Thursday, March 3, 2016

Distiller: Hikari Loftus
4 Stars

Saving Wonder
by Mary Knight
288 pages
Scholastic Press (February 23, 2016)

Synopsis from Goodreads:
Having lost most of his family to coal-mining accidents as a little boy, Curley Hines lives with his grandfather in the Appalachian Mountains of Wonder Gap, Kentucky. Ever since Curley can remember, Papaw has been giving him a word each week to learn and live. Papaw says words are Curley's way out of the holler, even though Curley has no intention of ever leaving.

When a new coal boss takes over the local mining company, life as Curley knows it is turned upside down. Suddenly, his best friend, Jules, is interested in the coal boss's son, and worse, the mining company threatens to destroy Curley and Papaw's mountain. Now Curley faces a difficult choice. Does he use his words to speak out against Big Coal and save his mountain, or does he remain silent and save his way of life?

This was a powerful little story! I have to admit that in the beginning, it started off feeling like a vocabulary lesson, or maybe a school assignment where you had to include all the weeks vocabulary words into a story.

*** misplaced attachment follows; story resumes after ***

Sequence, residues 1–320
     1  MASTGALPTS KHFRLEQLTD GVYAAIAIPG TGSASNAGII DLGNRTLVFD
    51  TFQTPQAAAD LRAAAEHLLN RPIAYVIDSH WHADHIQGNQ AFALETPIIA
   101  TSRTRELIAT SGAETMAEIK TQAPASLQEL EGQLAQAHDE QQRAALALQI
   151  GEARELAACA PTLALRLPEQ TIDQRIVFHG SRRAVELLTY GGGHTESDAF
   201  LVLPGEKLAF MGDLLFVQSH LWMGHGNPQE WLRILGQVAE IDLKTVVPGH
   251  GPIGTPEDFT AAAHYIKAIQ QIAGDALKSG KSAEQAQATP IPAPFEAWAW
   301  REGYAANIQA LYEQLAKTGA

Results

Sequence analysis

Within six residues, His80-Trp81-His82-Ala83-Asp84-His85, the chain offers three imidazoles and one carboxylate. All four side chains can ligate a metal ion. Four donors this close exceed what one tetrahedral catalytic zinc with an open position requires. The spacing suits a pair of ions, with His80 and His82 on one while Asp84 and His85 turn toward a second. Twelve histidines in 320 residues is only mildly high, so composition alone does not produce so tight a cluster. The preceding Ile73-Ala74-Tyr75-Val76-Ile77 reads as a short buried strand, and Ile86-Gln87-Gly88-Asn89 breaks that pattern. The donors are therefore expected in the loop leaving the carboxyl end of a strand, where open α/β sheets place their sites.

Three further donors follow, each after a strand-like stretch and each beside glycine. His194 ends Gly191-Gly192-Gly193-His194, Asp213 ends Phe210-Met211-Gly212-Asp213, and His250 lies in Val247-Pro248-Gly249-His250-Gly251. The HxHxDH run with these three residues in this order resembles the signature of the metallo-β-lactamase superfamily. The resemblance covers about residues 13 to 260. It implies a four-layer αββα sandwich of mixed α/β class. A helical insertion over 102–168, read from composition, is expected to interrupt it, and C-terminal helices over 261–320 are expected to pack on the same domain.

This is a middle grade read, and sometimes I wondered if it would be confusing or even dissuading for a kid to be reading some of the more difficult words throughout the text. THEN, I remembered how I soaked this kind of stuff up as a kid and learned so much this way.

This story will just pull you right along until you’re in. Not only is it a good story, it talks about how words are powerful, and how you can change the meaning of something entirely, just by the word placement.

Each chapter head is a letter, and a word starting with that letter is used/illustrated throughout the chapter. At the end of the chapter, the definition, in dictionary style, is laid out for readers. It was a fun little way to help readers learn new words, and see how their interpretation of what had happened in the chapter change once they had a solid definition to the word.

Curley Hines is such a great character. I love his honesty and his bravery. I thought he was an excellent role model.

Teachers and parents out there, I think this one is a good one to share with your kids. The teaching and themes are a little more spelled out/in your face (not like the more subtle introduction of words and meanings found in A Series of Unfortunate Events) but it still works and I have to say that I did love this story. Not only for the messages of bravery, love, friendship, and loyalty, but the word nerd delighted in the thought that kids would be learning just how powerful words and word craft really are.


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